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Friday, 25 January, 2002, 17:25 GMT
Feng shui shopkeeper loses court case
The art of feng shui has become increasingly popular
A Chinese shopkeeper who claimed his business would suffer because of poor feng shui if he was forced to move, has lost his fight against relocation.

Tak Ping Yeung claimed his family's human rights would be infringed by moving his gift shop in London's Chinatown from 6 Gerrard Street to 4 Gerrard Street to make way for a new restaurant.

The two buildings, owned by Waller Investment Trust, are said to be practically identical, except for one thing - four is considered a bad omen.

But Judge Anthony Hallgarten dismissed the claim.

Tak Ping Yeung's gift shop in China Town
The shop has traded since 1979 at No 6

He told the Central London County Court hearing it was no different to someone not wanting to move because they feared the house was haunted, or on the basis of an astrological prediction.

"While I entirely respect and accept his belief in feng shui, I do not think that the landlord is obliged to comply with beliefs that would stifle normal economic interests," he said.

Since 1979, Mr Yeung, 49, has been trading successfully in ornaments, charms and horoscopes, and believes the shop's good fortune is down to feng shui, the ancient art of arranging furniture and spaces to maximise health and prosperity.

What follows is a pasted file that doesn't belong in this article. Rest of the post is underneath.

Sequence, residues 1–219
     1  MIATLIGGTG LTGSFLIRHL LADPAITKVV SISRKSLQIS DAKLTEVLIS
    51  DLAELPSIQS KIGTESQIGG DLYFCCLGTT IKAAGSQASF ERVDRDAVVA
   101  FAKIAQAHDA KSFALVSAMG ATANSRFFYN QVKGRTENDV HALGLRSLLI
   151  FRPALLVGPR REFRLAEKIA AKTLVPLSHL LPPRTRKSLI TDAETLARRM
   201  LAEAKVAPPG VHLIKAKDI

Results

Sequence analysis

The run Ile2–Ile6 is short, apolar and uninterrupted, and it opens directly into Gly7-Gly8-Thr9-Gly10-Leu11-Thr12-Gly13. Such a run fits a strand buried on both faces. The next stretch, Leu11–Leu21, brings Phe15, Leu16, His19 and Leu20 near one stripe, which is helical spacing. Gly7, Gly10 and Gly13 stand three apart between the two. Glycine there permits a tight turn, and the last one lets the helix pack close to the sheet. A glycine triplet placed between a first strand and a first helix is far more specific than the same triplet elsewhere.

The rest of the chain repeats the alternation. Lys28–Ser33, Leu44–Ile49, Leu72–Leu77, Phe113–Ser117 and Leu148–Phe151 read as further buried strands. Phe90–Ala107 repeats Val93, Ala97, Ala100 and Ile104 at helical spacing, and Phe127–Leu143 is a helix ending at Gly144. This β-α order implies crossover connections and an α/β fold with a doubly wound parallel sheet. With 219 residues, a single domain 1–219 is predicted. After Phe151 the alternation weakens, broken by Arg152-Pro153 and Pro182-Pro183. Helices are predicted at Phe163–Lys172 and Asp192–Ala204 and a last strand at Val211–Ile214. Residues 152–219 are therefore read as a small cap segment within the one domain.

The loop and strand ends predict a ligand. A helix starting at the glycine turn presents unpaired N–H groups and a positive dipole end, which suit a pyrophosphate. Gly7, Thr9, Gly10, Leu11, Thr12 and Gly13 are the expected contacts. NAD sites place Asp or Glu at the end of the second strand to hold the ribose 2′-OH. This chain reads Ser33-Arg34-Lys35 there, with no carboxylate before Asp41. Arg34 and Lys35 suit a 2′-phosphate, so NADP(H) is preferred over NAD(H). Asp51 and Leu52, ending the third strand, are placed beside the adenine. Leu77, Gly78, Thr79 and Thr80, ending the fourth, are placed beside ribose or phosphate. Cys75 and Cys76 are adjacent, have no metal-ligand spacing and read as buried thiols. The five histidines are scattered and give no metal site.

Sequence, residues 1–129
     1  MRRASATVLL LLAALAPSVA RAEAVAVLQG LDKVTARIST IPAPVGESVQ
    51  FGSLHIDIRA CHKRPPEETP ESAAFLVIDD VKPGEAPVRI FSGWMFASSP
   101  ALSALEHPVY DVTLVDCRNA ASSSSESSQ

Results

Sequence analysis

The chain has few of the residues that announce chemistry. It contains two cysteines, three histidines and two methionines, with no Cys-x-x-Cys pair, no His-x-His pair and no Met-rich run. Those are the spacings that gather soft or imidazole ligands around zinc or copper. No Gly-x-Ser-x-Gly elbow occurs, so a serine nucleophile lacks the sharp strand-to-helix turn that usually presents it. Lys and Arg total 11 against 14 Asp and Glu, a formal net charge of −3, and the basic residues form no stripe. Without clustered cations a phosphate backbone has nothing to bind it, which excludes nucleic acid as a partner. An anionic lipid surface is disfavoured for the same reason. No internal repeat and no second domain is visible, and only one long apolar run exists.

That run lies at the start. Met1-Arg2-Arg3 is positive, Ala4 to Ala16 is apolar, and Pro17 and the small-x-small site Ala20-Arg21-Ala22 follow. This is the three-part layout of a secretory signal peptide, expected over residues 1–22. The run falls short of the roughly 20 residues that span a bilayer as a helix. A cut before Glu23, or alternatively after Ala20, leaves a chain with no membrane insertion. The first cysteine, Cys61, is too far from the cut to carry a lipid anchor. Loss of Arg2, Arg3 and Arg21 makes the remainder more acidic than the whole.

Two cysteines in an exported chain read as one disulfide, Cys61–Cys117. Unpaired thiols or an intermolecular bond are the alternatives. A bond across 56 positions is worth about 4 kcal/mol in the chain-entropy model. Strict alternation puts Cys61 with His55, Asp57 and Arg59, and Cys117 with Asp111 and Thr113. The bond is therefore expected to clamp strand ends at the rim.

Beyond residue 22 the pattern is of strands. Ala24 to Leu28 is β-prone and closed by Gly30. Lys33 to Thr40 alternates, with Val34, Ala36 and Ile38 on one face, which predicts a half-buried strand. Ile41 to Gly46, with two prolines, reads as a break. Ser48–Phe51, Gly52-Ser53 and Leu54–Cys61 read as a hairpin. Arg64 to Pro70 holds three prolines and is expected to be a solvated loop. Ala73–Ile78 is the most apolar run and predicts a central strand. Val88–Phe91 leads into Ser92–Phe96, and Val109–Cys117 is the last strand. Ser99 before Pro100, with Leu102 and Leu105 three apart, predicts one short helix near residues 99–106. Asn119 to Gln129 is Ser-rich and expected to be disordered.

But he claimed that moving the shop to number four - a number that sounds like "death" in Chinese - would spell doom for the family's prosperity, and even pose a threat to their physical well-being.

Lawyers representing Mr Yeung's landlord today withdrew the offer to move into number four, but instead offered him 67,000 in compensation.

However, Mr Yeung, who was not in court to hear the ruling, was ordered to pay costs, which are expected to be at least 40,000.

Simon Serota, from Wallace and Partners, the law firm acting for the landlord, said he was very happy with the result.

"It is what we had always expected," he said.

He added that had the decision been different, it could have had serious implications for future planning cases.

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See also:

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Feng shui booms in China
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